Cemetery Relocation

Cemetery relocation still opposed

Descendants say they'll hire a lawyer if plan stands

11 January 2001

By David Blackburn

BEAVER DAM -- From talking to county officials to hiring an attorney, relatives of those buried in Rogers Cemetery want to keep the 60-grave site from being relocated from an area slated for a five-county industrial park.

Regardless, "It's going to be challenged," said descendant Martha Thompson of Beaver Dam, referring to the Ohio Fiscal Court's resolution to declare the three-tenths-acre site abandoned.

The fiscal court's resolution, which became final Dec. 21, allows the Green River Regional Industrial Development Authority to relocate the graves at the authority's expense.

William Peters, 71, left, watches as his sister, Ruth Utley, 67, looks over a fallen grave marker Wednesday at Rogers Cemetery in Ohio County. Utley said she and Peters are descendants of almost everyone buried there either "by marriage or by blood." The cemetery is in a 1,160-acre area being developed as a five-county industrial park by the Green River Regional Industrial Development Authority. Photos by Robert Bruck, M-I

The authority is developing 1,160 acres just south of the intersection of the Natcher and Western Kentucky parkways into the Bluegrass Crossings Business Centre, which will serve Ohio, Muhlenberg, Daviess, Hancock and McLean counties.

Thompson's sister, Ruth Utley of Hartford, and their brother, William Peters of Pleasant Ridge, said they plan to attend today's fiscal court meeting to see if the magistrates will change their minds. The meeting begins at 4:30 p.m. in the Ohio Circuit Courtroom on the third floor of the Ohio County Community Center.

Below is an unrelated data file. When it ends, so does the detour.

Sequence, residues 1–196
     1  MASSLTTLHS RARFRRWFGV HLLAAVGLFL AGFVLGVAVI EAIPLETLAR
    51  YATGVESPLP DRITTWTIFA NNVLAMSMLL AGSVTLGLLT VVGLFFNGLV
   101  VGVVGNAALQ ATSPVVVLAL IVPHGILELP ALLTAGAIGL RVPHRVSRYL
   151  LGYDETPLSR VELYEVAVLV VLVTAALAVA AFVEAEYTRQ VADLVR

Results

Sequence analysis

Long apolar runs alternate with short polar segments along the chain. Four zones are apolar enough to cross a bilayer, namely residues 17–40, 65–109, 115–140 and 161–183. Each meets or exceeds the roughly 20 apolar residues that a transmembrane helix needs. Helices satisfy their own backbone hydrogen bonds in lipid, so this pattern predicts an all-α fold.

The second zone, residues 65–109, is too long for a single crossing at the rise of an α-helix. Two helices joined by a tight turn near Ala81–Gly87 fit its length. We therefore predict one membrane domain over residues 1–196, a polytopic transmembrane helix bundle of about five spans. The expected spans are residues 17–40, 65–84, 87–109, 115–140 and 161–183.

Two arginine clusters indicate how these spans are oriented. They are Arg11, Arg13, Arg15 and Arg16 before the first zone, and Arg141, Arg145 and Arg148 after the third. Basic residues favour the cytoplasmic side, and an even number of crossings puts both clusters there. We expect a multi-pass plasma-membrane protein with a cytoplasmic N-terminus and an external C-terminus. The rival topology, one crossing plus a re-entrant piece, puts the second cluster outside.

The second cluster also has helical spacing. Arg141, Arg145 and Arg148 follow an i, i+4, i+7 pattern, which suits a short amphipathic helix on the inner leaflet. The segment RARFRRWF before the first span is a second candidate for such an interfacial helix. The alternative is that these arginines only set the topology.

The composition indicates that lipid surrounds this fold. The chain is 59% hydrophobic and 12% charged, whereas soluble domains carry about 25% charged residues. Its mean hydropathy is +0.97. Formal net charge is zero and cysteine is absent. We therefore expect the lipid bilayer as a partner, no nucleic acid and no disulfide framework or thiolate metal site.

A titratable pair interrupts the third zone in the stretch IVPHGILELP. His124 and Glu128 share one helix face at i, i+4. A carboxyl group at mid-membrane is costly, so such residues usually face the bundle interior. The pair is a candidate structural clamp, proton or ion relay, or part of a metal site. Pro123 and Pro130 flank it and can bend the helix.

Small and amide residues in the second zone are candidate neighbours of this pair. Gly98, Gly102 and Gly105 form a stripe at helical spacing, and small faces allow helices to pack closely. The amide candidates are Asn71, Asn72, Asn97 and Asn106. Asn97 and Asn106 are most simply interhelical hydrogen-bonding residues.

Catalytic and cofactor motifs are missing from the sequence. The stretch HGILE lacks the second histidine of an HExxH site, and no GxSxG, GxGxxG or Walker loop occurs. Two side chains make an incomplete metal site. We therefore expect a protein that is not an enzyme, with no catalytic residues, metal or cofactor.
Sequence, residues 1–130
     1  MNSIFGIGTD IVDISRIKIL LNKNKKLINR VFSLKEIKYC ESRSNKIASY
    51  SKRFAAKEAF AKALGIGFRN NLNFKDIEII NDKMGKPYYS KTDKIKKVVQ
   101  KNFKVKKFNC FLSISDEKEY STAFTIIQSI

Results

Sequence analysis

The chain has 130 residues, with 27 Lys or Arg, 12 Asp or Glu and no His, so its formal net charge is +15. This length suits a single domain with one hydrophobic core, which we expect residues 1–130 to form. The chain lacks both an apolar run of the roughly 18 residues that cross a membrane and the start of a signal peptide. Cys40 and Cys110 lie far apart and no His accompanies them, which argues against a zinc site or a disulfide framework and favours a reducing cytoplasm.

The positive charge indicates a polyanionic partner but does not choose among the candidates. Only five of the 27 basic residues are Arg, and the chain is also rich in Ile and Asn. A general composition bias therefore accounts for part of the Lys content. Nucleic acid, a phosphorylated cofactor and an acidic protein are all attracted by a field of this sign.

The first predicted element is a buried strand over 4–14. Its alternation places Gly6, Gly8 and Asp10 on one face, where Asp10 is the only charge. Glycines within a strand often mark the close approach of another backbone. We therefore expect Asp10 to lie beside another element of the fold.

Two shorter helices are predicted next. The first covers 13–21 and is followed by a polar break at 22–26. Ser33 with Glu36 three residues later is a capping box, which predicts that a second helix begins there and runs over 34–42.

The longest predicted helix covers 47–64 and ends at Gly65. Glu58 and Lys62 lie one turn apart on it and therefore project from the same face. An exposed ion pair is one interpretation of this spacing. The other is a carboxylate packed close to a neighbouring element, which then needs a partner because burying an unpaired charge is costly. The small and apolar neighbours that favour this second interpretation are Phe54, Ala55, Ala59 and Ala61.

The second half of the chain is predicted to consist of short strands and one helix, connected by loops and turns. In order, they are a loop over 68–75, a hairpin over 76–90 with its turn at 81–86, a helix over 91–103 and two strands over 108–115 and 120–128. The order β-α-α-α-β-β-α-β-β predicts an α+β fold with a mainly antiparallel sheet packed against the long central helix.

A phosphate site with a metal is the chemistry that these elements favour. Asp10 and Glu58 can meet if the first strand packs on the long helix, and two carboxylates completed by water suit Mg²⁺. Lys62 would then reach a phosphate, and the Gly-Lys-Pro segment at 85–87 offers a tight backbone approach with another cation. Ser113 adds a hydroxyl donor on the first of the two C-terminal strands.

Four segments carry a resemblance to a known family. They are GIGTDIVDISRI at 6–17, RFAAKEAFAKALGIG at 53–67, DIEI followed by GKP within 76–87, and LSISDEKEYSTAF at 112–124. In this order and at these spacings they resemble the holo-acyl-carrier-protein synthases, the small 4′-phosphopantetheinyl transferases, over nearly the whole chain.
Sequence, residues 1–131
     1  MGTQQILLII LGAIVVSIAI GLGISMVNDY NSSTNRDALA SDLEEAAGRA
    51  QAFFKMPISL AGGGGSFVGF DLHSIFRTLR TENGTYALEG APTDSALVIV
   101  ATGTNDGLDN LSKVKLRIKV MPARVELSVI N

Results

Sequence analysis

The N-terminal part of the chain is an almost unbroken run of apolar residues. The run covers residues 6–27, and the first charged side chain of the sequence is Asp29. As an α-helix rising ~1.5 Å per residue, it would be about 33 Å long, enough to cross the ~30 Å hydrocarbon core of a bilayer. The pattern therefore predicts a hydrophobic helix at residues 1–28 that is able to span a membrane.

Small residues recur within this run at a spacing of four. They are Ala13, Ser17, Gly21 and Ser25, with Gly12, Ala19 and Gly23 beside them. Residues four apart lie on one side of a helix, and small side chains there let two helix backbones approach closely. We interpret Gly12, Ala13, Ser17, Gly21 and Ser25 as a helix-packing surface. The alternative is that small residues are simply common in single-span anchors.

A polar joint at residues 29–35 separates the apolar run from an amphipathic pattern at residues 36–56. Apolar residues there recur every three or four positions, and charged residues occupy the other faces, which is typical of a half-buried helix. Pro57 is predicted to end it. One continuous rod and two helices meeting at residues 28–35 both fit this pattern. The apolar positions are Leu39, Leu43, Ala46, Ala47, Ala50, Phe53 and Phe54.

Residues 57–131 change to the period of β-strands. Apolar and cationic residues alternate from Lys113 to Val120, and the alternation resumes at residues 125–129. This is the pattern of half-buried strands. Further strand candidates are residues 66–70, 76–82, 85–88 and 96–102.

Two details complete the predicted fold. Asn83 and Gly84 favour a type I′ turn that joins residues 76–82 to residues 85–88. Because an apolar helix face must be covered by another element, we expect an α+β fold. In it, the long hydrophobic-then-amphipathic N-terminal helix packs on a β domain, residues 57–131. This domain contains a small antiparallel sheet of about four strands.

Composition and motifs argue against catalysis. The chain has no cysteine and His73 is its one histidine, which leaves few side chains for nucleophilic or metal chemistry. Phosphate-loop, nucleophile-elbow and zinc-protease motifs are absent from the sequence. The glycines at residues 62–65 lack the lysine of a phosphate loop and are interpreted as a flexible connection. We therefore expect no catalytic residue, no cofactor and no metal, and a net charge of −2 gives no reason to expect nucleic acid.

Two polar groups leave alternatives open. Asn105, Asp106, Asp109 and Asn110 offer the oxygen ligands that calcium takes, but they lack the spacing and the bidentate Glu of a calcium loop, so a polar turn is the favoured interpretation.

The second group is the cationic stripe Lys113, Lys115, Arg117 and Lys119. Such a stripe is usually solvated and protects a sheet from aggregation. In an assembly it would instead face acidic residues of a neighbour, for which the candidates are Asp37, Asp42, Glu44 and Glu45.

"If we can't get them to rescind their votes, then there's going to be something done," Thompson said. "The first process would have to be to hire a lawyer."

The headstone of Asa W. Davidson marks the grave of one of several Civil War soldiers believed to be buried at the cemetery.

Ruth Utley said the descendants plan to meet to discuss a course of action once the weather allows safe traveling.

"We're hoping that the fiscal court will clear the decision up for us," Peters said.

"I'm hoping they can work something out that will be acceptable to both parties," said Utley's husband, Reginald.

But Lonnie Hawes, magistrate of District 2, which includes the site of the industrial park, doesn't expect the issue to come up -- or to change.

Although some work has been done at the cemetery over the years, the site and the access road leading to it have not been well-maintained, and neither is on most maps, Hawes said. If maintenance had been done, he said he would have opposed the relocation.

Jobs are needed in Ohio County, Hawes added, and he's not going to change his mind about the relocation if it costs the county jobs.

In his discussions about the issue with several descendants, Hawes said he has pointed out a recent show of support by the Beaver Dam City Council. The council voted Monday to go on record supporting the fiscal court's resolution.

Hawes said the county will make sure the relocation is done properly.

"We're not going out there . . . and let them scrape off a little dirt and say, 'That's it.' It's going to be done right or it's not going to be done."

Hawes said he is not unsympathetic to the descendants.

"I understand their problem. I feel sorry for the people," he said, adding that he would prefer to have his relatives buried somewhere with easy access.

"But we cannot stop progress out there."

From:  Messenger-Inquirer


trav.gif (1735 bytes) Copyright 1999-2001 by Travler Designs
...a web page creation and consulting firm.
All rights reserved. ~ Revised January 11, 2001